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Late last year, I noticed that many high-net-worth (HNW) investors were pulling back on some equity sector allocations. Not exiting equities altogether, mind you, but certainly trimming back or rotating into different sectors or markets.

It's a move we agreed with wholeheartedly and suggested in most circumstances. After an exceptionally strong year in 2013, we cautioned our clients that now was not the time to get greedy. Quite the opposite -- it was time to lock in gains and take money off the table (reduce risk), particularly with U.S. equities (perhaps less so with Canadian equities).

As it turns out, this was a very smart move. Take a look at this chart. It compares the 2013 performance of several different types of assets (as measured by common sector and index ETFs) to the year-to-date performance in 2014.

As you can see, almost everything that went up in 2013 has been down thus far this year; the only exception being high-yield bonds. Note also that many of the real high-fliers of last year (social media stocks; biotech; Bitcoin) have been among the hardest hit, while some of the assets that were gutted in 2013 (precious metals; gold miners; REITs) have thus far been the best performers.

Why the reversal in fortune? I strongly suspect that toward the end of last year, many investors started chasing performance. In professional circles, this is called "recency bias" – the tendency to remember recent events or performance best, and give them more "mental weight". In an investment context, this often leads people to extrapolate recent performance far into the future, and assume that good times will last, and what has gone up will continue to go up. This is particularly a problem when performance is "parabolic," as it was in some assets last year.

Needless to say, recency bias is an exceptionally dangerous phenomenon in investing. Chasing recent returns is almost always a recipe for disaster. And yet many investors (both professional and retail) can't seem to resist it. The feeling that we're "missing out on something" -- we've all had it, and it's very strong. The same can be said of the desire to jump into a hot stock or asset class "before the train leaves the station", as it were. It takes serious discipline to resist such emotional and gravitational pulls.

Taking a look at the chart, I think there's a tremendously important takeaway here for all investors. Those who came late to the equity party last year have been stung so far this year. On the other hand, those who trimmed back on the best performers and instead shifted into less popular assets have been rewarded.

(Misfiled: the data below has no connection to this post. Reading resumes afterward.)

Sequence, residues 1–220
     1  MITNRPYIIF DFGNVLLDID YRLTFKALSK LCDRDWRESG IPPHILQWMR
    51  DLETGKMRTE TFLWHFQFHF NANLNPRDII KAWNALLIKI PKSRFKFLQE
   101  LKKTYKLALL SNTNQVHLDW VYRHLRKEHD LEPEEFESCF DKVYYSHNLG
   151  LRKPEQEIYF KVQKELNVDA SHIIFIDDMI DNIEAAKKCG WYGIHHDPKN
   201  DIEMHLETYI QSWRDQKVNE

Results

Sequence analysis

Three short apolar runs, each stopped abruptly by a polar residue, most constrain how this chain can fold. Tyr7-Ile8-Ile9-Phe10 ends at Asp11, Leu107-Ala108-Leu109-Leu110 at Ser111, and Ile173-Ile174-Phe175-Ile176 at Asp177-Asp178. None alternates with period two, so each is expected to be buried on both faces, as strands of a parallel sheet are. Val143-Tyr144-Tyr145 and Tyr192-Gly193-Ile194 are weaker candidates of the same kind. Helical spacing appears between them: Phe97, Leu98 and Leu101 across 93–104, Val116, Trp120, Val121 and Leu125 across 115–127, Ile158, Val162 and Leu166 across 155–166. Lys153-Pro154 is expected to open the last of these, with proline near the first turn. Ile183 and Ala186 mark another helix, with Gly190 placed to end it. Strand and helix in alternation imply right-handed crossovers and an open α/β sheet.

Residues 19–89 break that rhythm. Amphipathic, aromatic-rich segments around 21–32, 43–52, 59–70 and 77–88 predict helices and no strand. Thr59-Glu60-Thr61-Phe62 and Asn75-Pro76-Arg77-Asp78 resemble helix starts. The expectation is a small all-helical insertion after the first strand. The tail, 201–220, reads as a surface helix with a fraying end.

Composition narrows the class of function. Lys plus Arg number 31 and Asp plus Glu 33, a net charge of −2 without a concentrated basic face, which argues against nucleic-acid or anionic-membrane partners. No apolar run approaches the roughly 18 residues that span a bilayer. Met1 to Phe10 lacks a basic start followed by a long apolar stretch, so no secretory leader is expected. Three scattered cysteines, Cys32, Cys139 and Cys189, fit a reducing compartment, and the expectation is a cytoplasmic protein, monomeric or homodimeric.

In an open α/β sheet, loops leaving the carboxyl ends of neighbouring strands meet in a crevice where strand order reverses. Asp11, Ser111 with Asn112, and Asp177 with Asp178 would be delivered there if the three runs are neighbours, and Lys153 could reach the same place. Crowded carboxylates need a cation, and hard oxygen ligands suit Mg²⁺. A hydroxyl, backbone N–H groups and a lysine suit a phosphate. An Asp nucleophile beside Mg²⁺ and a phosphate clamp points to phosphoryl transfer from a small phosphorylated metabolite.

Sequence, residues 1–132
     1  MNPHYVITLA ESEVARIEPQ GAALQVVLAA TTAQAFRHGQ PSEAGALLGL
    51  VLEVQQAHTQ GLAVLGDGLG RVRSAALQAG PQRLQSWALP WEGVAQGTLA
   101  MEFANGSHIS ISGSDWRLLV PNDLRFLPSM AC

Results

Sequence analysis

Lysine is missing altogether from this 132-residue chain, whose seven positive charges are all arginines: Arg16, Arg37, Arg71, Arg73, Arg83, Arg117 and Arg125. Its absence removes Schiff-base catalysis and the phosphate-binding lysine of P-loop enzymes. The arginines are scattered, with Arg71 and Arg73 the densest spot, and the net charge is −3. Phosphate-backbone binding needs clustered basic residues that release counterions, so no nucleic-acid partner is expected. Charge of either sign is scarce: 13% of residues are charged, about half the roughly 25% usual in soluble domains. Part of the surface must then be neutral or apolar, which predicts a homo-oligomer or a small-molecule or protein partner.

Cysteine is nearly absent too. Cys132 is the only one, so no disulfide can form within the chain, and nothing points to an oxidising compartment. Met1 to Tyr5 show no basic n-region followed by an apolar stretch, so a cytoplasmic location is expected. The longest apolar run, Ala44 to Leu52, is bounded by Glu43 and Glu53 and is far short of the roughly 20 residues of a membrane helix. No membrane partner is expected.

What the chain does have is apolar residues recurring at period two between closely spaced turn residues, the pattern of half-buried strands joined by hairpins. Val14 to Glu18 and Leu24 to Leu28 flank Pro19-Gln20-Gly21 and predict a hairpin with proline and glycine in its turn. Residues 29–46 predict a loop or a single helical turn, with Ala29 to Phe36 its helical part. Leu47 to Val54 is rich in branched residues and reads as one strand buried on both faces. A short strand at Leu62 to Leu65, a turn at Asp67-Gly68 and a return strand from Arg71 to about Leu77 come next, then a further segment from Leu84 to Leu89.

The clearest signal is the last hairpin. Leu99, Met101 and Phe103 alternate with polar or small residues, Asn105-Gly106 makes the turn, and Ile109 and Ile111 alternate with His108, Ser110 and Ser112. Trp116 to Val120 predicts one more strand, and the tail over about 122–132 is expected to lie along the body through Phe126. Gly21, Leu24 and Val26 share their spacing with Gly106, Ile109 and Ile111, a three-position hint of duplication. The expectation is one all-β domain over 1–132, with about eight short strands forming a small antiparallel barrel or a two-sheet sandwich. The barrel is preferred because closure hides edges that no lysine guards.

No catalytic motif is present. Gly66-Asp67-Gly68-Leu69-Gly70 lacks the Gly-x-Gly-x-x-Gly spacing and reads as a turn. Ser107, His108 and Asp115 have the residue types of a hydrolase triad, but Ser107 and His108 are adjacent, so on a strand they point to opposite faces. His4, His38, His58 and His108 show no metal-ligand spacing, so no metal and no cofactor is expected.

If you spend some time talking to HNW individuals, you'll quickly find that most of them have done very well by being contrarians. They pay attention to where "hot money" goes, and then often end up doing the opposite or conversely, they tend to go "bargain-hunting" where monies are flowing out of.

HNW investors seem to inherently understand that what comes up usually comes down -- perhaps not right away, but certainly over time. They also understand that the opposite is true: what comes down usually comes back up. In other words, they understand that performance usually reverts to the mean. It's just a matter of when.

Here's another thing most HNW investors inherently understand: there's almost always opportunity for solid gains somewhere in the market. But most of the time, those opportunities have been overlooked by the broader investment population and are considered "unpopular". There comes a time when it's prudent to take money out of winning positions and start searching for those overlooked opportunities. In actual fact, this constant process of reassessment and rebalancing – knowing when to exit positions and go searching somewhere else -- is an important part of their longer term success.

Now, I want to be very clear here: an asset class return chart isn't a crystal ball. It's not going to automatically predict which assets will be winners in the next year. Just because an asset class is down one year doesn't automatically mean it will be up the next.

Nevertheless, they are a darn good place to start looking for where "hot money" is going, and perhaps most importantly, where it's not going. And as many HNW individuals have discovered, that can lead to some very interesting investment ideas and opportunities ... think today of emerging markets equities, emerging market bonds, commodities, and other currently "unloved" asset classes you might not typically consider.

Thane Stenner is founder of Stenner Investment Partners within Richardson GMP Ltd., as well as Portfolio Manager and Director, Wealth Management. Thane is also Managing Director for TIGER 21 Canada. He is the bestselling author of ´True Wealth: an expert guide for high-net-worth individuals (and their advisors)'. ( The opinions expressed in this article are the opinions of the author and readers should not assume they reflect the opinions or recommendations of Richardson GMP Ltd. or its affiliates. Richardson GMP Limited, Member Canadian Investor Protection Fund.

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